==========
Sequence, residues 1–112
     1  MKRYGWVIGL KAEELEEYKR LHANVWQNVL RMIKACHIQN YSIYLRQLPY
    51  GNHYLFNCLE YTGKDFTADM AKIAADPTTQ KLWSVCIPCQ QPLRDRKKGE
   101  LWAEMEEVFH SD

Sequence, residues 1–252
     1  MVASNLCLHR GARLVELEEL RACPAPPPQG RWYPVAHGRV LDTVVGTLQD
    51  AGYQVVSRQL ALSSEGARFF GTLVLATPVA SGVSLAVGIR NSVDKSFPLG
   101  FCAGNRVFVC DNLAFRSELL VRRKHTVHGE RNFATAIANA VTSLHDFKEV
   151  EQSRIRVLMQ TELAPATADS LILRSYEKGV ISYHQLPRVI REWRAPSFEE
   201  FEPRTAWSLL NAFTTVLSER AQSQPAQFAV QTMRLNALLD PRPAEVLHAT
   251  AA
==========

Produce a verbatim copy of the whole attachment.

Sequence, residues 1–112
     1  MKRYGWVIGL KAEELEEYKR LHANVWQNVL RMIKACHIQN YSIYLRQLPY
    51  GNHYLFNCLE YTGKDFTADM AKIAADPTTQ KLWSVCIPCQ QPLRDRKKGE
   101  LWAEMEEVFH SD

Sequence, residues 1–252
     1  MVASNLCLHR GARLVELEEL RACPAPPPQG RWYPVAHGRV LDTVVGTLQD
    51  AGYQVVSRQL ALSSEGARFF GTLVLATPVA SGVSLAVGIR NSVDKSFPLG
   101  FCAGNRVFVC DNLAFRSELL VRRKHTVHGE RNFATAIANA VTSLHDFKEV
   151  EQSRIRVLMQ TELAPATADS LILRSYEKGV ISYHQLPRVI REWRAPSFEE
   201  FEPRTAWSLL NAFTTVLSER AQSQPAQFAV QTMRLNALLD PRPAEVLHAT
   251  AA